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  • This dataset includes the monthly precipitation data with 0.0083333 arc degree (~1km) for China from Jan 1901 to Dec 2020. The data form belongs to NETCDF, namely .nc file. The unit of the data is 0.1 mm. The dataset was spatially downscaled from CRU TS v4.02 with WorldClim datasets based on Delta downscaling method. The dataset was evaluated by 496 national weather stations across China, and the evaluation indicated that the downscaled dataset is reliable for the investigations related to climate change across China. The dataset covers the main land area of China, including Hong Kong, Macao and Taiwan regions, and excluding islands and reefs in South China Sea.

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  • This data set comprises the plateau soil moisture and soil temperature observational data based on the Tibetan Plateau, and it is used to quantify the uncertainty of model products of coarse-resolution satellites, soil moisture and soil temperature. The observation data of soil temperature and moisture on the Tibetan Plateau (Tibet-Obs) are from in situ reference networks at four regional scales, which are the Nagqu network of cold and semiarid climate, the Maqu network of cold and humid climate, and the Ali network of cold and arid climate,and Pali network. These networks provided representative coverage of different climates and surface hydrometeorological conditions on the Tibetan Plateau. - Temporal resolution: 1hour - Spatial resolution: point measurement - Measurement accuracy: soil moisture, 0.00001; soil temperature, 0.1 °C; data set size: soil moisture and temperature measurements at nominal depths of 5, 10, 20, 40 - Unit: soil moisture, cm ^ 3 cm ^ -3; soil temperature, °C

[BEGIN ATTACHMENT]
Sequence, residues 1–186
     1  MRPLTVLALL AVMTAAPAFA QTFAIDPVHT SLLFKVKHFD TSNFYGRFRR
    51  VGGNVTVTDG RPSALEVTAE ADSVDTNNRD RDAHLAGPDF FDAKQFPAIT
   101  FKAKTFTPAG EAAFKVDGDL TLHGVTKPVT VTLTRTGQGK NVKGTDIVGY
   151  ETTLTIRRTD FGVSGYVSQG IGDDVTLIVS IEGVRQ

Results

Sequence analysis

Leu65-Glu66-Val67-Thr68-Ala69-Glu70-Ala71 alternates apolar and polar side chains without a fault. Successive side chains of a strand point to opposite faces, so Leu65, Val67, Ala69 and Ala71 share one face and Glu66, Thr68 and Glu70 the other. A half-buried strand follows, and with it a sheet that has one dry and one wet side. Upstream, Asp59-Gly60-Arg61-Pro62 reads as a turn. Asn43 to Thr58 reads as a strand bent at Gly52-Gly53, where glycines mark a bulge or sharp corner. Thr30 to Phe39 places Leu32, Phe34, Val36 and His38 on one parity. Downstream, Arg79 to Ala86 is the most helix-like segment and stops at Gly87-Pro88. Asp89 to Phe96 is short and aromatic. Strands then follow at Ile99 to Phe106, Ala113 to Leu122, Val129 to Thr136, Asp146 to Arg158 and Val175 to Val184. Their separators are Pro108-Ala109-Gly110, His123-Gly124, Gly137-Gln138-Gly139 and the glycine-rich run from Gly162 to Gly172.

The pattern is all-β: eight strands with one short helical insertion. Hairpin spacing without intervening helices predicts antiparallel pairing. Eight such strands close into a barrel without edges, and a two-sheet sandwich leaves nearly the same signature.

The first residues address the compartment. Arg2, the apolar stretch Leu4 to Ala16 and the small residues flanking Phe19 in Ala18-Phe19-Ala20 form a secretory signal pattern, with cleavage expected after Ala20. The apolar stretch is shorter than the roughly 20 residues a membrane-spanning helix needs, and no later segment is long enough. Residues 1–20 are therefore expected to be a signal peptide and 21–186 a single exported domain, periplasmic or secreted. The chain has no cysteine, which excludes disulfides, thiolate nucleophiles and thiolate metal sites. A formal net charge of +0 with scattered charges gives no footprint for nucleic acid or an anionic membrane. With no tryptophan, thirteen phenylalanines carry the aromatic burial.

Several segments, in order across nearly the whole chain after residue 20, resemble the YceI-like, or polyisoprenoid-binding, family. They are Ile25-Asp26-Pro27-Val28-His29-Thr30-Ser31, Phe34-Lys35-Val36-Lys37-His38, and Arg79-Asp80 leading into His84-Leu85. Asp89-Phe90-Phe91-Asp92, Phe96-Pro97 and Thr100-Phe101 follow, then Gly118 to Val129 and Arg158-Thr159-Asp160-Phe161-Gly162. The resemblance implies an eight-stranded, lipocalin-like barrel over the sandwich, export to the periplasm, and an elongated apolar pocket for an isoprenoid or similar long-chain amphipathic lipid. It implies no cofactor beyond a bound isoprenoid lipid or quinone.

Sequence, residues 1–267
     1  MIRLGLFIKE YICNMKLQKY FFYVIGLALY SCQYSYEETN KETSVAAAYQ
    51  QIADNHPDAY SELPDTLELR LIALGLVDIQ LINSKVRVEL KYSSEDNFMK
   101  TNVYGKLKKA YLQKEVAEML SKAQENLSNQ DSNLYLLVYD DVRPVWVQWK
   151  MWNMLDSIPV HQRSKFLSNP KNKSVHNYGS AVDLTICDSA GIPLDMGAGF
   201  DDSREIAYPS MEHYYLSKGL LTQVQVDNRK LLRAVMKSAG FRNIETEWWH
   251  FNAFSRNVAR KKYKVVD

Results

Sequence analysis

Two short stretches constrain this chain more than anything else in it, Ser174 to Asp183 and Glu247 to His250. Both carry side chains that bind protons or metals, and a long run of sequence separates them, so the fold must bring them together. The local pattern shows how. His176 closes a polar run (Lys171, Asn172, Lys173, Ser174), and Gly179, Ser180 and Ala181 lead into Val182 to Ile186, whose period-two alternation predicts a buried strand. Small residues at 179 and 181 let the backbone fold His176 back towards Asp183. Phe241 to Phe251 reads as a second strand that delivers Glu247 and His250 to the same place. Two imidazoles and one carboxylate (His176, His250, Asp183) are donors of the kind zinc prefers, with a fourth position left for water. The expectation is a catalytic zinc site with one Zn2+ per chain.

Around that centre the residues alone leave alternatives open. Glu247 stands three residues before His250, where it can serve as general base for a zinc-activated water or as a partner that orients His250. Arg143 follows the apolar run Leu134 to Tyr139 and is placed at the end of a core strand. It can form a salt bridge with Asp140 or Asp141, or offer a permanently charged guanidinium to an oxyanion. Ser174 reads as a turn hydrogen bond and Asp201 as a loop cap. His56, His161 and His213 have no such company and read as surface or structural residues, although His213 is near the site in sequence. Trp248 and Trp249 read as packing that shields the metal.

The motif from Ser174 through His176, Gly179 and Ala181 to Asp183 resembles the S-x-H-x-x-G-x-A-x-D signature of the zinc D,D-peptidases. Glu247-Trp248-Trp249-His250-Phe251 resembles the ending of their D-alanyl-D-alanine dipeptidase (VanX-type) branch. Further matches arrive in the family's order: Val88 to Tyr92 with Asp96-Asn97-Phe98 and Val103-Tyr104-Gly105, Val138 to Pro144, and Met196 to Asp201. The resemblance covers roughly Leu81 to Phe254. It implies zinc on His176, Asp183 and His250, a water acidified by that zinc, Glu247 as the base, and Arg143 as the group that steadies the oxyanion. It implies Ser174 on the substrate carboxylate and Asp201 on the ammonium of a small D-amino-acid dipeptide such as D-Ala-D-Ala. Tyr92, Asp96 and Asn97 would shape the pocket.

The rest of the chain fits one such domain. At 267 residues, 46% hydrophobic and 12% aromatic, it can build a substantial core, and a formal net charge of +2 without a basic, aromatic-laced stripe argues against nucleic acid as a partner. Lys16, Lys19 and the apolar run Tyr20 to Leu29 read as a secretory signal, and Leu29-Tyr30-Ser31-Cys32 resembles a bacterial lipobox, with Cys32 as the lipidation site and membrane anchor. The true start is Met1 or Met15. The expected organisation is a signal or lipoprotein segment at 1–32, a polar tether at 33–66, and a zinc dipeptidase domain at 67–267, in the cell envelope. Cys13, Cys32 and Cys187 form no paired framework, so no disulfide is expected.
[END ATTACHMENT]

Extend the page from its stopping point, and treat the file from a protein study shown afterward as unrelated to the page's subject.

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  • Snow cover dataset is produced by snow and cloud identification method based on optical instrument observation data, covering the time from 1989 to 2018 (two periods, from January to April and from October to December) and the region of Qinghai-Tibet Plateau (17°N-41°N, 65°E-106°E) with daily product, which takes equal latitude and longitude projection with 0.01°×0.01° spatial resolution, and characterizes whether the ground under clear sky or transparent thin cloud is covered by snow. The input data sources include AVHRR L1 data of NOAA and MetOp serials of satellites, and L1 data corresponding to AVHRR channels taken from TERRA/MODIS. Decision Tree algorithm (DT) with dynamic thresholds is employed independent of cloud mask and its cloud detection emphasizes on reserving snow, particularly under transparency cirrus. It considers a variety of methods for different situations, such as ice-cloud over the water-cloud, snow in forest and sand, thin snow or melting snow, etc. Besides those, setting dynamic threshold based on land-surface type, DEM and season variation, deleting false snow in low latitude forest covered by heavy aerosol or soot, referring to maximum monthly snowlines and minimum snow surface brightness temperature, and optimizing discrimination program, these techniques all contribute to DT. DT discriminates most snow and cloud under normal circumstances, but underestimates snow on the Qinghai-Tibet Plateau in October. Daily product achieves about 95% average coincidence rate of snow and non-snow identification compared to ground-based snow depth observation in years. The dataset is stored in the standard HDF4 files each having two SDSs of snow cover and quality code with the dimensions of 4100-column and 2400-line. Complete attribute descriptions is written in them.